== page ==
Cambria County residents summoned for jury duty who are not excused and do not show up at the courthouse on the date of the call can plan on shelling out some money.
Judges are following through with a crackdown on noncompliant potential jurors announced earlier this year.
As of Tuesday, six people have been hit in the pocketbook, said Cambria County court administrator William Valko.
Along with the half-dozen fined up to $100, 11 were ordered to return at a later date to go through the jury selection process as part of a number of contempt of court hearings held over the past few weeks before a judge.
The next jury selection is set for Dec. 17, when panels will be selected to hear asbestos cases and Cambria County President Judge Timothy Creany and the others are ready to go after the no- shows.
Failure to report for jury duty has been a problem in recent years, and it grew after the courts expanded the sources for the names to include state driver’s license listings, state Department of Revenue records and state Department of Welfare data.
The judges decided to crack down on the jury law in February, when 43 of the 215 people summoned for duty failed to appear.
The threats worked for a while, but in October when court personnel attempted to pick a jury for a child sex abuse case, the number of people responding to the summons was so low a second call had to go out and the process extended into the next day.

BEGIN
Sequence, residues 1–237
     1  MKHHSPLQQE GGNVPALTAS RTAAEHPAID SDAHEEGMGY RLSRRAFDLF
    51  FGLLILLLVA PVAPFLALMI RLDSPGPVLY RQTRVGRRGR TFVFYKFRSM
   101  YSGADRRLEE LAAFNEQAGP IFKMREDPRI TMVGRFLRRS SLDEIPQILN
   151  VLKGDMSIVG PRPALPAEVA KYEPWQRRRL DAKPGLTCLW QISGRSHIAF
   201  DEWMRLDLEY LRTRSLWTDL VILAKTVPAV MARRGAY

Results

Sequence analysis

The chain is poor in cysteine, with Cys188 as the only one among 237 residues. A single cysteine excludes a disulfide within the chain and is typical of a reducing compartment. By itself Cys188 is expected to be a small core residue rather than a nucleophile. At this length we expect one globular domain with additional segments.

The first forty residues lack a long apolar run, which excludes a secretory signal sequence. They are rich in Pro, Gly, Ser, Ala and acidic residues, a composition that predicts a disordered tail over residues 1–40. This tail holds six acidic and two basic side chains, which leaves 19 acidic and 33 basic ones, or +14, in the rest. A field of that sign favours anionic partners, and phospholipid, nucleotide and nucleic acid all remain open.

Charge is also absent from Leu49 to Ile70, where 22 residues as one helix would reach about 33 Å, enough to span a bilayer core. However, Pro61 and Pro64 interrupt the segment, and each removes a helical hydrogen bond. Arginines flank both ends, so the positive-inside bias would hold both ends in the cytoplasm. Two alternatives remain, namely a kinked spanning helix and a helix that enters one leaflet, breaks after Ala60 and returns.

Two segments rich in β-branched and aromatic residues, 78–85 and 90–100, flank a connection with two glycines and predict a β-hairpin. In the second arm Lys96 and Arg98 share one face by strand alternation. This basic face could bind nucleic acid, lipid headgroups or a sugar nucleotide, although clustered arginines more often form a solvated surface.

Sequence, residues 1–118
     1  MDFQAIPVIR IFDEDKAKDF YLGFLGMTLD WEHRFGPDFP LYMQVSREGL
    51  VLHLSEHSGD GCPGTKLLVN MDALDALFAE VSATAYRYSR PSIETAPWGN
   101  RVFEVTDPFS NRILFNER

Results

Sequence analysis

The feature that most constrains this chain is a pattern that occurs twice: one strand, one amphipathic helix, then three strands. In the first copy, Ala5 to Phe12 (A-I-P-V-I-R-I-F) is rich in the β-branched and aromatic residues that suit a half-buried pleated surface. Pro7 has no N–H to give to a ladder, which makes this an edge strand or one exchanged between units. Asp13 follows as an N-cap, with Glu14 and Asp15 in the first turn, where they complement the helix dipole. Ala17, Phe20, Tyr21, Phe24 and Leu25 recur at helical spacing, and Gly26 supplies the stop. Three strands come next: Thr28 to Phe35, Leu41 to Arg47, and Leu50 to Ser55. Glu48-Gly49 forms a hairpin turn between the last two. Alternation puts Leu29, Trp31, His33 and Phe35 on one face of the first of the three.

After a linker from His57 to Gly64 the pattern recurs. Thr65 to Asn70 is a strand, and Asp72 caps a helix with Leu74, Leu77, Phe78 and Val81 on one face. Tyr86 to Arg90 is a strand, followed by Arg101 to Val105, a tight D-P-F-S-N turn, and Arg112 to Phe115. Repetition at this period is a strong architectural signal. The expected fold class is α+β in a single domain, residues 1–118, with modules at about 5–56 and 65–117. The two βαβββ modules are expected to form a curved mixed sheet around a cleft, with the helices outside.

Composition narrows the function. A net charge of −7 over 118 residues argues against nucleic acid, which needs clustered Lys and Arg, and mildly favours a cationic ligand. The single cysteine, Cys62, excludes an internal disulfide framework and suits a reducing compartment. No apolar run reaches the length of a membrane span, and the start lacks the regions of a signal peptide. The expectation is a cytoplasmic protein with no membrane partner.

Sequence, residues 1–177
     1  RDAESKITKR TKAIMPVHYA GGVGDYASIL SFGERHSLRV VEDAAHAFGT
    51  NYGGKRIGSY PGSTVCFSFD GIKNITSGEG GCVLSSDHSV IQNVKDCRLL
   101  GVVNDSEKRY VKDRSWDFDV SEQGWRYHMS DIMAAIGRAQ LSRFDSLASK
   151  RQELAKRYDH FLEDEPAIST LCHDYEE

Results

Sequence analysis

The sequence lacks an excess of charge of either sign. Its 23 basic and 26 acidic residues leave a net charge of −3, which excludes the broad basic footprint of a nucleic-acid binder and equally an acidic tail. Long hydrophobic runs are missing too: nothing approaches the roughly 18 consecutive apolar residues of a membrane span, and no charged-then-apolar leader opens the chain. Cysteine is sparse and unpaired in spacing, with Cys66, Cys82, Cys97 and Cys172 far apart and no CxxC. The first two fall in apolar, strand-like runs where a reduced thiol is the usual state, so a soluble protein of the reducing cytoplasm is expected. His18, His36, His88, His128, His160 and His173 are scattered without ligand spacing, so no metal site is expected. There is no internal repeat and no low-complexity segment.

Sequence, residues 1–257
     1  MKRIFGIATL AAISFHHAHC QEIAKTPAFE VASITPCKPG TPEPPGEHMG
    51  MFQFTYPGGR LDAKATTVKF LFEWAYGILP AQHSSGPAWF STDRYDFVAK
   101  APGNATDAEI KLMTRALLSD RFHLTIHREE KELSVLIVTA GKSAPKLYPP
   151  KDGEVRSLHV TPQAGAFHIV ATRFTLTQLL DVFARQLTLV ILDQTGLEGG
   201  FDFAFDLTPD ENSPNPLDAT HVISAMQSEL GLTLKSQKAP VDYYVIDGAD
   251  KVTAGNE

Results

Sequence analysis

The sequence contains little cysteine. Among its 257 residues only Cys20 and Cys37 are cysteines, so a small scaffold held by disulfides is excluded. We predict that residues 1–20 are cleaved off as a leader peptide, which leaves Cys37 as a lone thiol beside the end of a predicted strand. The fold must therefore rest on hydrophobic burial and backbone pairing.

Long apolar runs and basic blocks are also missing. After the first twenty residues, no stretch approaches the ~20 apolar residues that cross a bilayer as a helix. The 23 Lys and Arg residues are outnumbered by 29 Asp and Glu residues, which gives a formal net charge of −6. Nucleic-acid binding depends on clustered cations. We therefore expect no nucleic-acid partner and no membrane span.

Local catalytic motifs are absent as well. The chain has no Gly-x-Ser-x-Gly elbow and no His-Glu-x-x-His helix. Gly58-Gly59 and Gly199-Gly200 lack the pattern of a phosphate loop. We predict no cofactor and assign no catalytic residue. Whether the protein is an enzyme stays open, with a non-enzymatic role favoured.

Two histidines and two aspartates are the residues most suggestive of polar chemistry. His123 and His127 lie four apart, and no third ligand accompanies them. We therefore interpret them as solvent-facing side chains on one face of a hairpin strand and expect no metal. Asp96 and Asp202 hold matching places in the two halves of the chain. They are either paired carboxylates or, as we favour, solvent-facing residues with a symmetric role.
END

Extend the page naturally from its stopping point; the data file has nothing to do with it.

Creany said while he and the other judges understand the inconvenience jury duty can cause, it is part of the guarantee that defendants be judged by their peers.
Meanwhile, steps are being taken to make the summons clear, Creany said.
“We’ll make it clear that it’s not an optional thing, that they must appear,” he said prior to a judges’ meeting to iron out details of the changes.
Just responding to the summons saying that you will not or cannot appear is not adequate.
“Unless you’re told by people in the jury commissioners’ office that you are excused, you must appear,” Creany said.
Anyone coming in with what he termed a “fair excuse” will be put on a different panel, but not released from duty.
The new forms to be used beginning in 2014 will require not only a telephone number, but an email address as well if available, Creany said.
Attempts to reduce some of the frustration jurors may experience through long waits and being dismissed just prior to trial because a plea bargain or settlement was reached are also being made, Creany said.
He cited the efforts of Judge David Tulowitzki, his staff and other court personnel who came to the courthouse Saturday for a plea agreement involving Shahliek Maxwell Greene.
Greene was charged in the Feb. 6 murder of Joshua Scott Price in Moxham.
Tulowitzki said Tuesday he made it known at a pretrial hearing Friday that he would not look favorably on a plea deal Monday after the jury appeared and the trial was set to begin.
A call to Tulowitzki from defense attorney David Beyer Friday night brought the judge to the courthouse Saturday.
After the deal was approved, Tulowitzki’s staff and others called the 60 or 70 jurors who expected to show up for Monday’s selection.
All but one person was reached, Tulowitzki said.
“It was a combination of jurors not sitting around and the weather forecast,” he said.
The Saturday court saved the county a couple thousand dollars, Creany said.
Kathy Mellott covers the Cambria County courthouse for The Tribune-Democrat follow her on Twitter at twitter.com/kathymellotttd.